February 13-14, 2019
I hotel and Conference Center, 1900 South 1st Street, Champaign, IL 61820
Registration is now closed - Limited walk-in space is available, however lunch is not guaranteed.
Registration opens at 9am on Wednesday and 8am on Thursday.
Call 217.840.2128 if you have any questions.
With over 200 participants and 20+ exhibitors, the Organic Grain Conference is the largest event in Illinois dedicated solely to organic grain education and networking! The organic industry is changing. Explore advancements and issues facing the industry, together.
FEBRUARY 13 - PRE-CONFERENCE WORKSHOP, 10A-5P
"Navigating the Organic Certification Process" with David Hettenbach of Nature's International
Back by popular demand, David Hettenbach is offering a day-long dive into the process of organic certification. He'll cover regulations, record-keeping, finding and working with a certifier, inspections, and much more!
The Pre-conference Workshop is brought to you by Valent.
FEBRUARY 14 - CONFERENCE & TRADE SHOW
KEYNOTE ADDRESS: DEFENDING THE CORE OF THE ORGANIC STANDARD
Dr. Francis Thicke, Radiance Dairy
The National Organic Standards have been weakened through lax enforcement and lowering of some standards. USDA now allows organic certification of hydroponic production, allows CAFO style dairy and poultry production, has withdrawn the organic animal welfare standards, and has been lax in stopping fraudulent grain imports. As organic farmers, we need to call for a return to rigorous organic standards. Efforts are also underway to create an add-on standard and label, to bring USDA organic back to the expectations of real organic farmers and consumers.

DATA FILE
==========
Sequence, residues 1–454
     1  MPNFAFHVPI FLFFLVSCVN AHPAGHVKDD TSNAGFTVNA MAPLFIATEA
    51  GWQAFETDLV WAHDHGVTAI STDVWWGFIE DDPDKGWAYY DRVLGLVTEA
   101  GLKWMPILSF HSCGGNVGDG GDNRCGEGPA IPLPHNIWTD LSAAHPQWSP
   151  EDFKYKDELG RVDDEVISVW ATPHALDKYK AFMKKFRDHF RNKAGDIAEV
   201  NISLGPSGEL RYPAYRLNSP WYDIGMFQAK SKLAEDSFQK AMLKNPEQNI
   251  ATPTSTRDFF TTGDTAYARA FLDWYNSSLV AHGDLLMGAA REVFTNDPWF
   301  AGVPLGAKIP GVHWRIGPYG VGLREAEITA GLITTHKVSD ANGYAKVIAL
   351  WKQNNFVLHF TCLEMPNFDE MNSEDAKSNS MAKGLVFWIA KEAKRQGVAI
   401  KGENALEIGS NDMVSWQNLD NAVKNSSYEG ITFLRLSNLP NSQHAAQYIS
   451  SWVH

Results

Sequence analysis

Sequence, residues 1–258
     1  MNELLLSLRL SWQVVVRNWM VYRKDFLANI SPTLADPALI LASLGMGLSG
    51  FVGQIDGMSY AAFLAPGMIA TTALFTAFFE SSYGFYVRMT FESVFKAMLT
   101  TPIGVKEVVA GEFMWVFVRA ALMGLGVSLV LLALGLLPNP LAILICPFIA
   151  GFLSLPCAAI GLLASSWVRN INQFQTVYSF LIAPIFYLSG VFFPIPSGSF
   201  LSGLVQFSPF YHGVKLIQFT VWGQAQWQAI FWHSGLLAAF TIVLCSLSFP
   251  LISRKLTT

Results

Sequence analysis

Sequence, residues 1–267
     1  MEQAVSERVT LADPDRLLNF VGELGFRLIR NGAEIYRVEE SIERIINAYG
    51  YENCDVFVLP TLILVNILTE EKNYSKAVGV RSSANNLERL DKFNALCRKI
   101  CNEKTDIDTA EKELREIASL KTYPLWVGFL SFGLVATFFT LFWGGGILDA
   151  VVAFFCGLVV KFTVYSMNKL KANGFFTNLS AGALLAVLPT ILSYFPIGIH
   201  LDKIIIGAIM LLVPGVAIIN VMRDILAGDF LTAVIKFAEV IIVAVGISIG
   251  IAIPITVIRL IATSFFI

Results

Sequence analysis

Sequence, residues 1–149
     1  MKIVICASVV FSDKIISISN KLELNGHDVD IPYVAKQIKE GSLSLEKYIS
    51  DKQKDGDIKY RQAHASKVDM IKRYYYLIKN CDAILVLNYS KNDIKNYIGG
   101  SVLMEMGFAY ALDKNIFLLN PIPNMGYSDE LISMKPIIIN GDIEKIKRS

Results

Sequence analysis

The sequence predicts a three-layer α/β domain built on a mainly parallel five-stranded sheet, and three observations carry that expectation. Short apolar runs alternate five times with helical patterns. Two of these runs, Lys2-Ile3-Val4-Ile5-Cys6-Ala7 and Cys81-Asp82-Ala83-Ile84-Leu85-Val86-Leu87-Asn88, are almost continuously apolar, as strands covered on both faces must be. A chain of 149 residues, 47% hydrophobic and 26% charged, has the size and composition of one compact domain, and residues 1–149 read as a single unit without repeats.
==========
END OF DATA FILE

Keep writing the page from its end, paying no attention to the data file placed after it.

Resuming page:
PARTICIPATORY BREEDING AND TESTING NETWORKS: A MAIZE BASED CASE STUDY FOR ORGANIC SYSTEMS
Drs. Carmen Ugarte, Martin Bohn, and Michelle Wander (University of Illinois), Binod Ghimire, Christopher Mujjabi, and Mario Nunez (U of I students)
This presentation will provide an overview of participatory work that researchers from the University of Illinois and organic grain farmers are conducting to identify factors that influence the performance of organic maize cultivars in the region. We are interested in evaluating high-yielding cultivars that are nutritious, nitrogen efficient, and robust competitors against weeds. In 2018, we established replicated trials at two on-farm locations and evaluated indicators of soil health and their relationship to corn root architecture and overall crop performance. We will share yield and root response to gradients of soil fertility from these two studies. In addition, we will report on the genotype by environment interaction from strip testing at 13 on-farm locations.
WHERE IS YOUR N GOING ON YOUR FARM? A WORKSHOP TO HELP ORGANIC FARMERS MANAGE NITROGEN FOR CROPS, SOILS AND THE ENVIRONMENT
Dr. Michelle Wander (University of Illinois), Heather Darby (University of Vermont Extension), Hojoung Kwon (Argonne National Lab), Emily Marriott (eOrganics), Lindsay Ruhl (University of Vermont Extension), Yushu Xia (U of I student), Kelly Aves (U of I student), Penelope Hobbs (web developer)
The workshop will share results from our cover crop sampling campaign and use a nutrient management application to demonstrate how various organic practices impact soil organic matter, soil nitrogen supply to crops, and N loss through leaching and nitrous oxide emissions, before inviting farmers to explore how management factors like the type and timing of tillage and fertilization interact with weather to determine the fate of nitrogen on individual farms.
OPTIMIZING SOIL HEALTH PROVIDES MORE FERTILITY FOR THE CROP
Dan Davidson - Woods End Labs